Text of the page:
The final piece of the puzzle, thermal transpiration, was theorized by Osborne Reynolds, but first published by James Clerk Maxwell in the last paper before his death in 1879. Reynolds found that if a porous plate is kept hotter on one side than the other, the interactions between gas molecules and the plates are such that gas will flow through from the cooler to the hotter side. The vanes of a typical Crookes radiometer are not porous, but the space past their edges behave like the pores in Reynolds's plate. On average, the gas molecules move from the cold side toward the hot side whenever the pressure ratio is less than the square root of the (absolute) temperature ratio. The pressure difference causes the vane to move cold (white) side forward.
    Both Einstein's and Reynolds's forces appear to cause a Crookes radiometer to rotate, although it still isn't clear which one is stronger.
     
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  3. fishtail Registered Senior Member

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    As it can be shown that photon pressure is not the cause of rotation
    (it stops working if the vacuum is increased), (another dent in the photon
    has mass theory).
    And yet it is still not fully explained how it works.
     
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  5. Billy T Use Sugar Cane Alcohol car Fuel Valued Senior Member

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    What was “dismissed"? I owned a cheap one prior to moving to Brazil. I have always believed the "hot molecules leaving from the black side" theory was correct, but now I think the objection to it may be valid.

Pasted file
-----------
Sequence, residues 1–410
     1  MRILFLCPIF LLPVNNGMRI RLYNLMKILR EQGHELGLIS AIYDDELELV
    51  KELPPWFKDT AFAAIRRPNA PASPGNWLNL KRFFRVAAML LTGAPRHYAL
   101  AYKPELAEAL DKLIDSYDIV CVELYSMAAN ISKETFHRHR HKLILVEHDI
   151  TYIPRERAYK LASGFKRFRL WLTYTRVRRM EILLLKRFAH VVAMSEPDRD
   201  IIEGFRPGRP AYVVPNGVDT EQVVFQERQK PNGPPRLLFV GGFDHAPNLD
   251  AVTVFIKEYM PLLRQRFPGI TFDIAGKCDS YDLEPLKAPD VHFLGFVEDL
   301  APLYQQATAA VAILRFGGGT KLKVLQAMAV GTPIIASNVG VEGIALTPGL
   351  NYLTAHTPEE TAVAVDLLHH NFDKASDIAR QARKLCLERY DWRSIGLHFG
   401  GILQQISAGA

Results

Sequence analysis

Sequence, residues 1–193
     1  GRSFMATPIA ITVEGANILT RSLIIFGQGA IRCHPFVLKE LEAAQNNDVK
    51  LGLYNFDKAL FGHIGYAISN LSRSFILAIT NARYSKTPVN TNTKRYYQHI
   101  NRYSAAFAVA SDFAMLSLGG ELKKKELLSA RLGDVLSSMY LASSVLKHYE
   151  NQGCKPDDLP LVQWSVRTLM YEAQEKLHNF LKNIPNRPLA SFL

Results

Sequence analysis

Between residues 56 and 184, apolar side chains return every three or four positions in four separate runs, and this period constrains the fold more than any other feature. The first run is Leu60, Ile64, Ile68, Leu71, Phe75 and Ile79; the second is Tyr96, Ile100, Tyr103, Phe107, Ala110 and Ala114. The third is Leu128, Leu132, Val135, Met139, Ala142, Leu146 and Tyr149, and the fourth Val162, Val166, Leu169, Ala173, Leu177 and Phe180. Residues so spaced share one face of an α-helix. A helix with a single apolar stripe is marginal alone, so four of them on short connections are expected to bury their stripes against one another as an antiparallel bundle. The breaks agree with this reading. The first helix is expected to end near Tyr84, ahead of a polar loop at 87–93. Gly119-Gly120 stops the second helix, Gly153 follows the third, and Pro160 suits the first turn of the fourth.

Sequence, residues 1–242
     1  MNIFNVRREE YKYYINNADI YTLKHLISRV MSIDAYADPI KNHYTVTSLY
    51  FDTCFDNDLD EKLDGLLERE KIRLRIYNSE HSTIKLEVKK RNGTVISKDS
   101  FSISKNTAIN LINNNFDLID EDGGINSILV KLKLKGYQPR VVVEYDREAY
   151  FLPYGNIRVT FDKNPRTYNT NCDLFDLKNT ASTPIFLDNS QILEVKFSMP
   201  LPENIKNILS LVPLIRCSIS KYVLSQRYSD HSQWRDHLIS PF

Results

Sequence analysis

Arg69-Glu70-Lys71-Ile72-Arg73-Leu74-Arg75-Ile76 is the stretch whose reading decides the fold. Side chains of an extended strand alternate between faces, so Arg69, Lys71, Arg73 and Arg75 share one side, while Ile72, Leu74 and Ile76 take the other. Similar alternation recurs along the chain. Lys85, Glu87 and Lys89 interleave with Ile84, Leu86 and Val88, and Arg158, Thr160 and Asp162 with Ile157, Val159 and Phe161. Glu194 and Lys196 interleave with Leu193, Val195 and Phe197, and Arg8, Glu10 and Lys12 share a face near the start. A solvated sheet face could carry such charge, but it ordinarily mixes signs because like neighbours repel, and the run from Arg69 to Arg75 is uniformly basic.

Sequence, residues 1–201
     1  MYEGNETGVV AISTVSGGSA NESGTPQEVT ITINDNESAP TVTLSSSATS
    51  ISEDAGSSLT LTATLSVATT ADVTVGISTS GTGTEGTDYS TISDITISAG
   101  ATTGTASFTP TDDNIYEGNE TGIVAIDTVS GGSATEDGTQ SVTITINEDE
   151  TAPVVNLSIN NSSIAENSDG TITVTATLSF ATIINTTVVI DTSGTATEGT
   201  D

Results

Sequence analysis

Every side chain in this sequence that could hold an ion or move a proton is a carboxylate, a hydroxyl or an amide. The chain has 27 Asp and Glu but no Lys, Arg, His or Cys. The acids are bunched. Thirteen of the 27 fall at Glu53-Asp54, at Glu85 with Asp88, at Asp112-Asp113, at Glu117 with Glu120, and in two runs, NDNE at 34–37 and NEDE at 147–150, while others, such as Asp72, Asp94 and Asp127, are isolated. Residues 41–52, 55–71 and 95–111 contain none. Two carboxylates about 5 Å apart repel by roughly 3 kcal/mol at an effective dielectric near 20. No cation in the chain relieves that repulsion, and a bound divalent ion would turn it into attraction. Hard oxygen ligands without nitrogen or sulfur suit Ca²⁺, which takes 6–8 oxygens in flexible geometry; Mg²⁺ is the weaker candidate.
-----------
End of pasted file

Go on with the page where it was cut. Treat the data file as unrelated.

Think about it this way: Assume a sealed, gas-filled, cubic box with two perfectly transparent glass walls on opposite sides. Laser light passing thru the glass (without heating the glass) and exactly parallel to opposite walls 1&2 heats the gas, but only in the half adjacent to metal wall 1, which is identical metal wall 2. Walls 3 and 4 are opposite each other and perfect insulators. Surely more heat escapes out of the box via wall 1 than wall 2 as the gas adjacent to wall 1 is hotter and less dense. (I magically abolished convection within the box, but even if present, it does not completely cancel the argument I am making.) If there were more pressure on wall 1 than on wall 2 the box should (on the perfectly frictionless table it sits or in the vaccuum of deep space) constantly accelerate with wall 1 leading. This is false as the laser is providing energy but no momentum it the direction box would be moving, so the pressure on walls 1 & 2 are equal and I must admit I no longer understand something I thought I did for 40 years.

    I guess I should thank you, but please do not help me again.

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    Do you have a link that supports the "there are less of them, as adjacent warmer gas is less dense etc.” objection?